Next time you buy a used car, maybe you should consider one with a salvage title.
I know that goes against all rational advice and conventional wisdom for used-car buying, but there are certain conditions where a salvaged car might actually make sense. First, though, it’s important to understand exactly what a salvage (or junk) title really means.
Generally, though it varies greatly by state, a salvage title is issued to a damaged car when the insurer determines the cost of repair exceeds about 75 percent of its market value at the time of the accident. Repaired cars are often sold with the “salvaged” or “rebuilt” brand on the title at substantial discounts over similar cars with clean titles.
Considering how many ways a car can get destroyed, there are certainly risks in buying once-wrecked vehicles. However, you could also score the deal of a lifetime.
First, there are two rules I simply won’t bend regarding salvaged cars: Never buy a vehicle damaged by water or a vehicle with a bent frame. Between the devastating effects of water on electrical parts and the permanent risk of mold growth, water-damaged cars must always be avoided. Frame damage never really goes away either. Once the metal is bent, its integrity is compromised, and that could turn into a serious safety issue.
That said, I would consider cars repaired after:
- Heat damage. I owned a 2004 Honda Pilot that, in 2004, was parked next to another vehicle that burned to the ground. While the Pilot never caught fire, the driver’s side suffered some serious melting. The car went into the body shop, all new parts were ordered from Honda, and the car was put back together, good as new.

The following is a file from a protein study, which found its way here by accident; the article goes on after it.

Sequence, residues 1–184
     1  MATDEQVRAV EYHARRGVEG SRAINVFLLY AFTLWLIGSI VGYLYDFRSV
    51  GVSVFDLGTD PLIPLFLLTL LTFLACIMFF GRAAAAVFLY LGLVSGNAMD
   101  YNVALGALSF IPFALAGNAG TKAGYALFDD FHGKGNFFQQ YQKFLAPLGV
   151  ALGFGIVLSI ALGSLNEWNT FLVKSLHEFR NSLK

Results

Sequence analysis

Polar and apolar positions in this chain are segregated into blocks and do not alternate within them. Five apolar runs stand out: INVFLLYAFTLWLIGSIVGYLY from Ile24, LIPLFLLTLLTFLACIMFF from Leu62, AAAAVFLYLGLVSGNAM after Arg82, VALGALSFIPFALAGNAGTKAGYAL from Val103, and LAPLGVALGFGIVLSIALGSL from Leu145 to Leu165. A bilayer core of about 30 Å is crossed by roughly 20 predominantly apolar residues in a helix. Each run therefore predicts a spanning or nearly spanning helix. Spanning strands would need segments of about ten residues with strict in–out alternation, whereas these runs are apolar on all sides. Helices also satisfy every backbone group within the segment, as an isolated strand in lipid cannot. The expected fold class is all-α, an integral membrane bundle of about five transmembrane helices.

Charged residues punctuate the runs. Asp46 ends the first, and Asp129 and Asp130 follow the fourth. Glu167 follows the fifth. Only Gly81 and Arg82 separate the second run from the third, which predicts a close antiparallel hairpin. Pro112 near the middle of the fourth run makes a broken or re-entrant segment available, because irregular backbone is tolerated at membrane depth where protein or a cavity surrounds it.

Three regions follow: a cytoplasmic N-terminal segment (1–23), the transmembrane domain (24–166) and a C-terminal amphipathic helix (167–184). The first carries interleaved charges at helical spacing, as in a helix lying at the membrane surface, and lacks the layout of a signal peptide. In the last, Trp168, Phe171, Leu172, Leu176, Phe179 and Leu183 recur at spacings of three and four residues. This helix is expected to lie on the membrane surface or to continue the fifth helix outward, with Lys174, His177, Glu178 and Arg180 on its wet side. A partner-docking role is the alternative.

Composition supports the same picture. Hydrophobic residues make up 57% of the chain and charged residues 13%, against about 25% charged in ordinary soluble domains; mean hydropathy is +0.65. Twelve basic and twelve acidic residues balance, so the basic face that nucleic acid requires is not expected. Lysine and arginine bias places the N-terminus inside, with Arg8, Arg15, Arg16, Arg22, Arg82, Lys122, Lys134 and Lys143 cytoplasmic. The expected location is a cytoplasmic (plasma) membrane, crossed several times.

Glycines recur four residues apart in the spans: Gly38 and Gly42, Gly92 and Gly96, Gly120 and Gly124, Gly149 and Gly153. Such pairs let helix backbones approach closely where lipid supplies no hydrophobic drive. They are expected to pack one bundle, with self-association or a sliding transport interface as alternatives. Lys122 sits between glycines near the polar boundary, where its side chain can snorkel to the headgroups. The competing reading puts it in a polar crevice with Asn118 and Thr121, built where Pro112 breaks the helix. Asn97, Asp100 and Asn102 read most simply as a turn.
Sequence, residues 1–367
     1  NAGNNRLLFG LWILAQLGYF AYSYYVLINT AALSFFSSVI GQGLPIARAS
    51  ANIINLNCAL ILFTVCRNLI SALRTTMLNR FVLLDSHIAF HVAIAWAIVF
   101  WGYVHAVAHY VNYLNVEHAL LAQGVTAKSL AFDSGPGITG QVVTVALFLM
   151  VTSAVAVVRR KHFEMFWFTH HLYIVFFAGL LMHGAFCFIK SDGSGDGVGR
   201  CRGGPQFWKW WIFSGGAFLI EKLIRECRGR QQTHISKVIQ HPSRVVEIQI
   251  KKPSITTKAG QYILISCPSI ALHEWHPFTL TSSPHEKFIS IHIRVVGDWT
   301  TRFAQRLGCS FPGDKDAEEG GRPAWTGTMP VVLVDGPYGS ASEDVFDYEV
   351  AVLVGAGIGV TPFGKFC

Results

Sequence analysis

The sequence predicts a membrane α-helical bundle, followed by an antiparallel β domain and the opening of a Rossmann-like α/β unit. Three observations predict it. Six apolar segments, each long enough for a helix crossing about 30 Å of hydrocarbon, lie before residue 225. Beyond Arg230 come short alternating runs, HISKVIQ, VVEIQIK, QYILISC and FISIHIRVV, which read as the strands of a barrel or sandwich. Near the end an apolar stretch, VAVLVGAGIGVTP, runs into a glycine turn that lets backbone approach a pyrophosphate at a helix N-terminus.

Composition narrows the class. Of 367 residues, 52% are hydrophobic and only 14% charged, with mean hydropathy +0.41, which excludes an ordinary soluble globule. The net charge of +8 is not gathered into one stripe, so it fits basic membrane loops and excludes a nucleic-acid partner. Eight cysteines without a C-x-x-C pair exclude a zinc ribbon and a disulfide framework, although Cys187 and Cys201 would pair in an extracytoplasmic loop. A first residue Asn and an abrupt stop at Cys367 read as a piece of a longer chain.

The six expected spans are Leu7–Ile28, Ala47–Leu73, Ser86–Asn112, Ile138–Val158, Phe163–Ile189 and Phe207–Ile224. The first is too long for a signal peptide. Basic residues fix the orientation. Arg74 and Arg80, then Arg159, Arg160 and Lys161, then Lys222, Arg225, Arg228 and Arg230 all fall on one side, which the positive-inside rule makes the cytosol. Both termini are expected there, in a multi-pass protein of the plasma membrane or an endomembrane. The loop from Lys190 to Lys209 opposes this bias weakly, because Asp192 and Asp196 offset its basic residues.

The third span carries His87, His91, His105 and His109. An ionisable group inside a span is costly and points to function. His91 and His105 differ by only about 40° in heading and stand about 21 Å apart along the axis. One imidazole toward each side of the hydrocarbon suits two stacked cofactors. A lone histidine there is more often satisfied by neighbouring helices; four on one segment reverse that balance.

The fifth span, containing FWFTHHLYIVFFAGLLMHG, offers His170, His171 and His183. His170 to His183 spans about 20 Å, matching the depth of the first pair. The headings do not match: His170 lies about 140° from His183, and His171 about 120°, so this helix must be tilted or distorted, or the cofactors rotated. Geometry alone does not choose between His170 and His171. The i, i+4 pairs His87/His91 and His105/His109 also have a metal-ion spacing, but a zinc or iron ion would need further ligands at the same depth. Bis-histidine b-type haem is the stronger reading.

- Theft. In some states, cars that are stolen are classified as a total loss. When recovered, they generally don’t have major damage other than cosmetic issues that are fairly easy fixes. Stolen cars make great salvage cars!
- Collisions. Late model luxury cars involved in accidents can be expensive to repair, and it doesn’t take total devastation to declare a car such as a Mercedes-Benz E-Class a loss. Body damage and mechanical parts can be repaired, so buying salvaged could save you a bundle.
If you find a salvaged vehicle you’re interested in, do three things. First, realize that very few dealers will take salvages on trade-in, and they can be hard to resell privately. Make sure you want to keep it for a while! Second, check the car’s price by looking up the value of the same model to compare prices of cars with clear titles. (CarGurus offers a cool new pricing tool that’ll get you started.) Finally, have the car inspected at a body shop! They will be able to look for evidence of water damage and inspect the frame.
If you’re patient, on a tight budget, and know what to look for, there’s no reason a salvaged vehicle can’t provide years of reliable service.
Would you consider a vehicle with a salvage title?